I am a British citizan born in the Netherlands and have lost my dutch birth certificate. I am in the process of applying for a first passport for my baby girl and the British Passport office has asked for my birth certificate. I am eager to get a new copy as soon as possible. Do you know the quickest method for getting a passport re-issued. Would it be to call and then arrange to visit the Municipality where I was born? Do you happen to know if I would need to take that to the Hague to get it legalised?
    Any advise would be very much appreciated!


  21. Yvette,
    I read through all of the comments above and haven’t found one that would be similar to my situation. My son was born to a military father stationed at Soesterberg Air Base, but he was born in the town of Soest. We have since moved back to the United States and have lost his birth certificate. His original birth certificate was given to us from the embassy. How can he get a copy of his birth certificate? We have been unable to find anyone to contact and I don’t know if the information you provided about the municipality would apply.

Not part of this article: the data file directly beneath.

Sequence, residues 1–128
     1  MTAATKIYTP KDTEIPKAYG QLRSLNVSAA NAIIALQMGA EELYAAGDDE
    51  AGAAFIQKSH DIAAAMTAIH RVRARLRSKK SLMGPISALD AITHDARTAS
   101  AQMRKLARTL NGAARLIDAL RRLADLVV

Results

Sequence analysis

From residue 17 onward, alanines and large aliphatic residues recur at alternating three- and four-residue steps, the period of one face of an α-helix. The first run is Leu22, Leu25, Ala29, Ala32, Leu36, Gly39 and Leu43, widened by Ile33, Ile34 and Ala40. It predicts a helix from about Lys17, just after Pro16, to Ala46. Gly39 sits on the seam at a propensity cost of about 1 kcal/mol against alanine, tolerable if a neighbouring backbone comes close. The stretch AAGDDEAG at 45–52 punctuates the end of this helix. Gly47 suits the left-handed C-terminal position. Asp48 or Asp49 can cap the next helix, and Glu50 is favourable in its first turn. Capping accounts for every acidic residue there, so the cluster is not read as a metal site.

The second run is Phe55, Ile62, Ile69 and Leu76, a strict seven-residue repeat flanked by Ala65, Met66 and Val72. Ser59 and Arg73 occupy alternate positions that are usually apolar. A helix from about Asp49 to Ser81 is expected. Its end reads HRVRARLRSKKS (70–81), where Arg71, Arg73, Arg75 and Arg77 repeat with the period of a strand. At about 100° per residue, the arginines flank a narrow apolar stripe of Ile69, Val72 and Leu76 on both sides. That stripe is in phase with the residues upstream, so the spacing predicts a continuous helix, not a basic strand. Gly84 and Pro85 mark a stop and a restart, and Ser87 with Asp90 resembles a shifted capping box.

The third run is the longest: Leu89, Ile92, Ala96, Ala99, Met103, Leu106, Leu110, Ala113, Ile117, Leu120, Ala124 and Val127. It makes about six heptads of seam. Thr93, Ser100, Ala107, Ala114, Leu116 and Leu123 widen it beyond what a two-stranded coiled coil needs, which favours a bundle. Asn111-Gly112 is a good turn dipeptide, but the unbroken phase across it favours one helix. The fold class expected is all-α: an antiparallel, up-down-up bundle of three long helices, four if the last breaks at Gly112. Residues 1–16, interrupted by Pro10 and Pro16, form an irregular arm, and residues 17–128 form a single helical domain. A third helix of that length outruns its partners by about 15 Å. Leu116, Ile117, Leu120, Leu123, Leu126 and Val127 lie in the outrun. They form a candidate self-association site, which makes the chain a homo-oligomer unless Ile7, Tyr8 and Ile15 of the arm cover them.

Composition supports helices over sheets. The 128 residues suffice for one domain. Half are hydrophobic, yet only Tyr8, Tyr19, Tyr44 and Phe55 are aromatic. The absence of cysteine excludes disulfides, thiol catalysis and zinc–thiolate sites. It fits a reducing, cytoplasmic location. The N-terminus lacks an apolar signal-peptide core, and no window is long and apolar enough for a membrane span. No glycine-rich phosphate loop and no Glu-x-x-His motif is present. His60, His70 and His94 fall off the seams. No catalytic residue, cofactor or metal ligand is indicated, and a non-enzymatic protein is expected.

22. i have my birth certificate from holland.. i now live in guanajuato, mexico… i want to get married, but they are saying the stamp needs to be updated for the state of guanajuato… can i do this in a dutch consolate in mexico city? or do i order a new one? please help me out and the quickest way possible as i only have till early january to fix this. thank you.

    • Hi John,
      I am not familiar with requirements for birth certificates in Mexico, so I cannot help you. Asking the authorities that need the record for their specifications would be the first step I would recommend.

    • Hi John,